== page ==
So, let’s summarize Aaron’s argument. For early modern practitioners, summoning demons or calling upon the devil to harm others, compel women into sex, and destroy property was perfectly fine, but they didn’t write about drugs because people might think poorly of them.

I’d like to suggest my own standard for evaluating such material. Explicit references to psychotropic substances should be recognized, especially when the method of administration is consistent with what we know about their effects. Otherwise, let’s not add them in. I think that Bennet has demonstrated how much material this still gives us for conversation.

Published in: on December 2, 2018 at 8:27 pm  Comments (1)  

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  1. Sorry about getting that info wrong in that quote about your work, and pisser that I got that date wrong on Hockley’s book. I did include some potboiler type stuff, but I think I clarified it when so, and sometimes in order to dispel it, as with a lot of nonsense about masons and the illuminati etc. The overflow of info, is probably more due to my OCD than anything else, lol. (self diagnosed)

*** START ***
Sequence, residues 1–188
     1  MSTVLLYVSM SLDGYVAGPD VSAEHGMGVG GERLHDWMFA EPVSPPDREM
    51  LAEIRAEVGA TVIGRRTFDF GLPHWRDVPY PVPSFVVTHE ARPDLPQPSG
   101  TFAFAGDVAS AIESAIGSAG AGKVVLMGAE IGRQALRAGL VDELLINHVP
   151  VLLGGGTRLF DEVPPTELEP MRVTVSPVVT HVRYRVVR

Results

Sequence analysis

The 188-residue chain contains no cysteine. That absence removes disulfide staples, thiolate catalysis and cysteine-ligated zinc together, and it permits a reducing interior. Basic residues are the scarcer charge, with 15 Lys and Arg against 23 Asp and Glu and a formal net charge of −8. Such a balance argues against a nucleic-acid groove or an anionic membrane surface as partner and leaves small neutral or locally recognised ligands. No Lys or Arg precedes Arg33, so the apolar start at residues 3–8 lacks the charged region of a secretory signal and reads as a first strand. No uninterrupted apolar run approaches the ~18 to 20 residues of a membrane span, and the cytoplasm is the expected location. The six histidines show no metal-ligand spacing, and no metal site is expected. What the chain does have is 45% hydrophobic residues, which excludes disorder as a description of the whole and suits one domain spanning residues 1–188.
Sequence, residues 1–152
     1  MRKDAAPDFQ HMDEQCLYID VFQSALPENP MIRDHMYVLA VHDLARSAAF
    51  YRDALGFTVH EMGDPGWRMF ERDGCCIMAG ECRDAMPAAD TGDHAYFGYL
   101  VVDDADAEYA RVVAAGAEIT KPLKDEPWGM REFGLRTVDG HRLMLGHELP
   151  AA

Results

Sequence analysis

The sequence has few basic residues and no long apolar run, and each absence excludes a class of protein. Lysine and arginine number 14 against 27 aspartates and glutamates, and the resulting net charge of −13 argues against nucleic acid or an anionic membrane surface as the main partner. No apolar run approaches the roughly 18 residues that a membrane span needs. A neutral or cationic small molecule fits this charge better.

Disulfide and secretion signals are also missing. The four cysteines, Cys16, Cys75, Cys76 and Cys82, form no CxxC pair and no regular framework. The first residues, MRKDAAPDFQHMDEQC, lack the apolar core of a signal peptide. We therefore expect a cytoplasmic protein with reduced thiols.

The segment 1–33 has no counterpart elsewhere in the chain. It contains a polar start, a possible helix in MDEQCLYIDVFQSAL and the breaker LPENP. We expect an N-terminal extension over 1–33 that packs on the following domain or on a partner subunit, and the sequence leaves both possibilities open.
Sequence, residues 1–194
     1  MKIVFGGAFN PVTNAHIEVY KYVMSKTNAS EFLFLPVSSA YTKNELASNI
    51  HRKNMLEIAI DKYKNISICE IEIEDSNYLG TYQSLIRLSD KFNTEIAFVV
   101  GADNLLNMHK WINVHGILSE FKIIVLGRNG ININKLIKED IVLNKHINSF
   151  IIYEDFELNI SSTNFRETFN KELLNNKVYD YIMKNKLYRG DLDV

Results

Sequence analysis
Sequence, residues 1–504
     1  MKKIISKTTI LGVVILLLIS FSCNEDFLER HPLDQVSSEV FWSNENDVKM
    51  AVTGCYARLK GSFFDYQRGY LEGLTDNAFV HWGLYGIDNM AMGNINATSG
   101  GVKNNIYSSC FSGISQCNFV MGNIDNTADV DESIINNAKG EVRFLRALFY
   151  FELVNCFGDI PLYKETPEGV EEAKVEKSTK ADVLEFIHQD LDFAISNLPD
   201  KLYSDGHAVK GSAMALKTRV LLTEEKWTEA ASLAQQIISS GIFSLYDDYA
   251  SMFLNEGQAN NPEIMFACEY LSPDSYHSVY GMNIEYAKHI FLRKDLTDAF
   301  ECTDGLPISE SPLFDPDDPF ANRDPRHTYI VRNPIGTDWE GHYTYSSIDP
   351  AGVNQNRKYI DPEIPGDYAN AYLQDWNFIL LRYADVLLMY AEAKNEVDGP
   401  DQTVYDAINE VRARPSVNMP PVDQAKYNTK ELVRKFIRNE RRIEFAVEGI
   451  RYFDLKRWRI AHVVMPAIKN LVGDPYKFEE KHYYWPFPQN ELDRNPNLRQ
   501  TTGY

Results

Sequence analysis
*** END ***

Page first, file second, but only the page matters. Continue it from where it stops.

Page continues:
In regards to transdermal absorption see page 32 – Health Canada has done scientific tests that show transdermal absorption of THC can take place. The skin is the biggest organ of the body, so of course considerably more cannabis is needed to be effective in this way, much more than when ingested or smoked. The people who used the Holy Oil literally drenched themselves in it. Based upon a 25mg/g oil Health Canada found skin penetration of THC (33%). “The high concentration of THC outside the skin encourages penetration, which is a function of the difference between outside and inside (where the concentration is essentially zero).” Health Canada, who was concerned about people getting high off of hemp body products, concluded that, even with THC content limited to 10 ppm, “inadequate margins of safety exist between potential exposure and adverse effect levels for cannabinoids in cos- metics, food, and nutraceutical products made from industrial hemp” (Health Canada, 2001).1 I talked to Dr. James Geiwitz personally at a conference shortly after this study was published, and he told me that he felt this offered strong evidence for the potential psychoactive effects of the Holy Oil.